Convent de Sant Francesc by David Closes

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5 Stars
On August 20, 2012
Last modified:August 20, 2012


Architects: David Closes

Location: Santpedor, Spain

Project Year: 2011

Project Area: 950.0 sqm

Photographs: Jordi Surroca


Catalan architect David Closes designed a restoration of the Sant Francesc convent in Spain, which includes a contemporary exterior stairway in distinct contrast to the historical stone structure. The renovation of the building has been developed with the goal of differentiating the new elements constructed from the original architecture elements of this historical church. The amazing architecture design tried to make a link between past and present, between medieval and contemporary design, with a strong contrast and in the same make the past and present fit and look god together.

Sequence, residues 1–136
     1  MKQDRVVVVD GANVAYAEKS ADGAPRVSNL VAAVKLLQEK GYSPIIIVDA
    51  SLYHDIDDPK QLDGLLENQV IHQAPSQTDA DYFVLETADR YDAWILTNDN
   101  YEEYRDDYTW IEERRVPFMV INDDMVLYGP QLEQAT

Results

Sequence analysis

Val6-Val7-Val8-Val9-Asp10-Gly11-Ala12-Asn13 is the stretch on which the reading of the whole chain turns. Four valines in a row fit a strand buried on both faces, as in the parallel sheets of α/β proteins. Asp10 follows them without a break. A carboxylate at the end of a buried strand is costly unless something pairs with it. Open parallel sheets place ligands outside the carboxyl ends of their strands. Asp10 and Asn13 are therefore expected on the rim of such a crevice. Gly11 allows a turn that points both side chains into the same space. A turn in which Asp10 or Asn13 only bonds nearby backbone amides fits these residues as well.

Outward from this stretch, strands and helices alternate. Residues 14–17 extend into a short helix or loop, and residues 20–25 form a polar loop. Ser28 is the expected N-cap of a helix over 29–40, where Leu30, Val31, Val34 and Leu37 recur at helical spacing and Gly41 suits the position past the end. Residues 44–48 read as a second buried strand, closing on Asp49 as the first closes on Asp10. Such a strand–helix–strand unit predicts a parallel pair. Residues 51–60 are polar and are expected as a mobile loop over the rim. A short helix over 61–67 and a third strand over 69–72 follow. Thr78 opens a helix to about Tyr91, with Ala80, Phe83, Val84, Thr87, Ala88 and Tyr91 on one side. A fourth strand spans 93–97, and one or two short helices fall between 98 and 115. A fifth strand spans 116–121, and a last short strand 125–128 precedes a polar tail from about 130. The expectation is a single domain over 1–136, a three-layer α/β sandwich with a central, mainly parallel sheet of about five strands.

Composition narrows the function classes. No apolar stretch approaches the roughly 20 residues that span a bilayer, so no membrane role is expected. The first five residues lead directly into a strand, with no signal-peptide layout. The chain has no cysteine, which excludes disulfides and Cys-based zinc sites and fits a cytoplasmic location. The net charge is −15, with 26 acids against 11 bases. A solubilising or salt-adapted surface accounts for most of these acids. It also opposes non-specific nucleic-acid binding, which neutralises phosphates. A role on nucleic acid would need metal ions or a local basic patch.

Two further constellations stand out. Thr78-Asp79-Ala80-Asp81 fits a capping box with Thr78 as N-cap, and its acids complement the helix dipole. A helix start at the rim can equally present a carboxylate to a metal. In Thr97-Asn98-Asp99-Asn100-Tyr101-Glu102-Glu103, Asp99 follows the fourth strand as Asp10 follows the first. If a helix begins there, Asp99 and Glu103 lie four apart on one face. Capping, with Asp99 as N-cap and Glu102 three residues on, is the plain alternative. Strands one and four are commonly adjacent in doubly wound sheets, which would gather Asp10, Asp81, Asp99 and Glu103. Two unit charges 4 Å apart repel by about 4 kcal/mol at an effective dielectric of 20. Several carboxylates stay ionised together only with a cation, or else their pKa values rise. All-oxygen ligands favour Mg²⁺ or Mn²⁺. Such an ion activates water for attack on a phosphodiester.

It is amazing how you can add glass and steel to an old structure and still keep a great feeling and not alter the convent’s soul and greatness. One of the goals of this restoration project was to add light to the convent, and that worked out just great. Thanks to the sinking roof and crumbling ceiling, the interior of the church, which originally received little natural light, is now illuminated. The project has maintained the dimensions of the church interior space and, also, the unusual entries of natural light produced by partial roof collapses. Rather than reconstructing the church, the intervention has just consolidated the old structure. Usually the architectural projects that try to add new elements to old structures have to be approached with great care, because of the chances of ruining the historical structure, but this project managed to be an exemplary achievement. More images and information at the architect’s site here.

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